Germany Backs Aid for Ireland as Schaeuble Resists Extra Steps

Lawmakers in Berlin backed Germany’s contribution to the 85 billion-euro ($112 billion) bailout for Ireland as Finance Minister Wolfgang Schaeuble said that additional measures to calm financial markets are not needed.

The lower house of parliament’s Budget Committee approved the emergency-aid package at a meeting late yesterday, Otto Fricke, a committee member for Chancellor Angela Merkel’s Free Democratic Party coalition partner, said by phone. Germany’s share of the aid package is about 6.1 billion euros, Schaeuble has said. A full vote in the plenary chamber is not required.

Europe is in the throes of a sovereign debt crisis that spread from Greece to Ireland and threatens to engulf the entire euro-area. The market decline since the European Union bailout of Ireland was announced on Nov. 28 is overdone and doesn’t necessitate a reaction by policy makers, Schaeuble said in Paris late yesterday.

“The market’s nervousness over some countries is excessive,” Schaeuble said. “Governments shouldn’t always respond to market nervousness.”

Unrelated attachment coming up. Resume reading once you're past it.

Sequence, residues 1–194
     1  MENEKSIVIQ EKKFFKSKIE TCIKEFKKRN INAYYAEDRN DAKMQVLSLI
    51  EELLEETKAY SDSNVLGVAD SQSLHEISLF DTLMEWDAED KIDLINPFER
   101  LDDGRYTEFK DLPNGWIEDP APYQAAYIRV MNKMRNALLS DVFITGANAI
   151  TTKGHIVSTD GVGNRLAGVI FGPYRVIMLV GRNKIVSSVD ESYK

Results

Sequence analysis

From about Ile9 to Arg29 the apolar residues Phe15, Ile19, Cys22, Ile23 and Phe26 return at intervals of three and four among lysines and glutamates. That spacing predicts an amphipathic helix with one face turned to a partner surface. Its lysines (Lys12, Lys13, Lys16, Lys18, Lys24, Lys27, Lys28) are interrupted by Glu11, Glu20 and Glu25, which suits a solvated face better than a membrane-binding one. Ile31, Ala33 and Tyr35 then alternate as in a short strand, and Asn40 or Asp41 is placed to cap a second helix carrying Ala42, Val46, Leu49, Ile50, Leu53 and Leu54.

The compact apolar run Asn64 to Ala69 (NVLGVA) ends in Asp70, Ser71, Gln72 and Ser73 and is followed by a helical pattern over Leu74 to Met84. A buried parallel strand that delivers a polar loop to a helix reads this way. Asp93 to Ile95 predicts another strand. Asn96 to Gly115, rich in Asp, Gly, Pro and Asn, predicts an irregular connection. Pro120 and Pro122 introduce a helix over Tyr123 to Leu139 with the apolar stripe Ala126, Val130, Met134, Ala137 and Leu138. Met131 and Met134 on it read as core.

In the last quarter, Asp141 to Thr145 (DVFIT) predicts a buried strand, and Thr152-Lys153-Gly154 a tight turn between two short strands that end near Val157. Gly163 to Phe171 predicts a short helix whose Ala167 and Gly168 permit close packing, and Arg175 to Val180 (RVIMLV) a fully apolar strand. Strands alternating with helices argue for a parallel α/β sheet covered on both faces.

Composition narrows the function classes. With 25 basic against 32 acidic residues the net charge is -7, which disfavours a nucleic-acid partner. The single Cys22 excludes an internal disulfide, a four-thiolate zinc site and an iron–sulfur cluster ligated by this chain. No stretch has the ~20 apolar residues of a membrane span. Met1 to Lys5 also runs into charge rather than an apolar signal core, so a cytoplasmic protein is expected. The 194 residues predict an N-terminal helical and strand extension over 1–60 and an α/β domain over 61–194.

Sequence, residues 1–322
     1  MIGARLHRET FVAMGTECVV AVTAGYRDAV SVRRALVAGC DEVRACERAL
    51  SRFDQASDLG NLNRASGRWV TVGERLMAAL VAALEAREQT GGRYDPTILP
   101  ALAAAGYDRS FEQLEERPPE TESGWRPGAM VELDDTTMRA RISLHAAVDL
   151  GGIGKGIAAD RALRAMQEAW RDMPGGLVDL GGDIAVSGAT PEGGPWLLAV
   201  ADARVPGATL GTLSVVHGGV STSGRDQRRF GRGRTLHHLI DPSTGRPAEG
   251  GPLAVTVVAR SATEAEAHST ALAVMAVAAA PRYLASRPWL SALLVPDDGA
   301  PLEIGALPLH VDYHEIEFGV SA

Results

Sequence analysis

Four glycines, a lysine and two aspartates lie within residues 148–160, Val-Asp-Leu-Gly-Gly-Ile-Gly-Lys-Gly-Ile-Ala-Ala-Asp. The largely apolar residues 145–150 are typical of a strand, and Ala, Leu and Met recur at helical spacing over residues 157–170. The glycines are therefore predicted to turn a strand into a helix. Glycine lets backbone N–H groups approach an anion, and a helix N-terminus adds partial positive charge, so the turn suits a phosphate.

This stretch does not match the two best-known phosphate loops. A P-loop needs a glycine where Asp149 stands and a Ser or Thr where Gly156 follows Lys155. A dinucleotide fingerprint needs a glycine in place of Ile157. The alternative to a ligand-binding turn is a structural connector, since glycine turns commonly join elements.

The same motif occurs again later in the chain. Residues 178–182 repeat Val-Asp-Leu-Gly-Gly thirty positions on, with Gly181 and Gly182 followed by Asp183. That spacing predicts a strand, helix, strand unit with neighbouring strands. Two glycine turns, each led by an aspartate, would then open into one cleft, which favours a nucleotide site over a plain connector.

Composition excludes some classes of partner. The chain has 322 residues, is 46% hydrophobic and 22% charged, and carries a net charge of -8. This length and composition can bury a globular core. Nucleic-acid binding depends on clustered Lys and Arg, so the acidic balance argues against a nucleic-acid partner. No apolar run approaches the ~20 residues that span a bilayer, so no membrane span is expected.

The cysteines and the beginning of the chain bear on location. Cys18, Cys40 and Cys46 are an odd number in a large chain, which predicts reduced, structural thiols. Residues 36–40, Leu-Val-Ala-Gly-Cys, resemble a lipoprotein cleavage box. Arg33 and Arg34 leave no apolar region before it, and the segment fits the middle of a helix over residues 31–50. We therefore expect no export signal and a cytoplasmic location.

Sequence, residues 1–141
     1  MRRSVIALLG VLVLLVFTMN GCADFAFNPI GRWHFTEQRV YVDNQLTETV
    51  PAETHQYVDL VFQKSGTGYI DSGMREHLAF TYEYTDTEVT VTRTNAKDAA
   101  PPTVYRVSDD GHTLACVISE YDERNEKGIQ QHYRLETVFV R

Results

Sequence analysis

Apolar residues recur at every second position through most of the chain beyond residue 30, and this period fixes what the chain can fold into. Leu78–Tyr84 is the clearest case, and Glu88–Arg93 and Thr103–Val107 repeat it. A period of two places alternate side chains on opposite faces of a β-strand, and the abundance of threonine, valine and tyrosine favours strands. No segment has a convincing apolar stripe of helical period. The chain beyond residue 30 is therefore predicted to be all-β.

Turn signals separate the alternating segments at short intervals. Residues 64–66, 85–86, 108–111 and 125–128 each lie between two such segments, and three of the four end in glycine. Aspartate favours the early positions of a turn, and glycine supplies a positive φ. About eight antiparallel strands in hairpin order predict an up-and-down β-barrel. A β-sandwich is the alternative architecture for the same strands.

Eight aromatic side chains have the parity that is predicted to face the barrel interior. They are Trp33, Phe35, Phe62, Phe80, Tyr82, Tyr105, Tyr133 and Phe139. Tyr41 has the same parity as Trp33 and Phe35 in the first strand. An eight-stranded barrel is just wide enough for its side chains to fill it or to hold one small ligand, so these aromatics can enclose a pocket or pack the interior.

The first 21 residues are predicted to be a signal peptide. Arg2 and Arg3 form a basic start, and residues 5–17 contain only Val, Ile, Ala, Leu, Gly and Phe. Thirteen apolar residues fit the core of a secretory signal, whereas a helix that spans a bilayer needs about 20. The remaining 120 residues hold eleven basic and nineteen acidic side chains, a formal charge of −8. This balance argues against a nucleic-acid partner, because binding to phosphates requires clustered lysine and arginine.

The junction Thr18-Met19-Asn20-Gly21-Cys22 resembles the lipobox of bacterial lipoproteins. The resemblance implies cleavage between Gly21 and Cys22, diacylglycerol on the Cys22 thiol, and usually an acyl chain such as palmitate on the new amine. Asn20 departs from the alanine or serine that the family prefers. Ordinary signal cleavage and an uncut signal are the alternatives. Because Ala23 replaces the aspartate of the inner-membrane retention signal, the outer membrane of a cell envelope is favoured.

Bonds, stocks and the euro rallied yesterday as markets interpreted a comment from European Central Bank President Jean- Claude Trichet as a signal policy makers may step up their response.

The German aid was passed with the support of the opposition Social Democrats and Greens, Fricke said. Only the post-Communist Left Party failed to back aid.

To contact the reporters on this story: Rainer Buergin in Berlin at rbuergin1@bloomberg.net

To contact the editor responsible for this story: James Hertling or jhertling@bloomberg.net

Bloomberg reserves the right to edit or remove comments but is under no obligation to do so, or to explain individual moderation decisions.

Please enable JavaScript to view the comments powered by Disqus.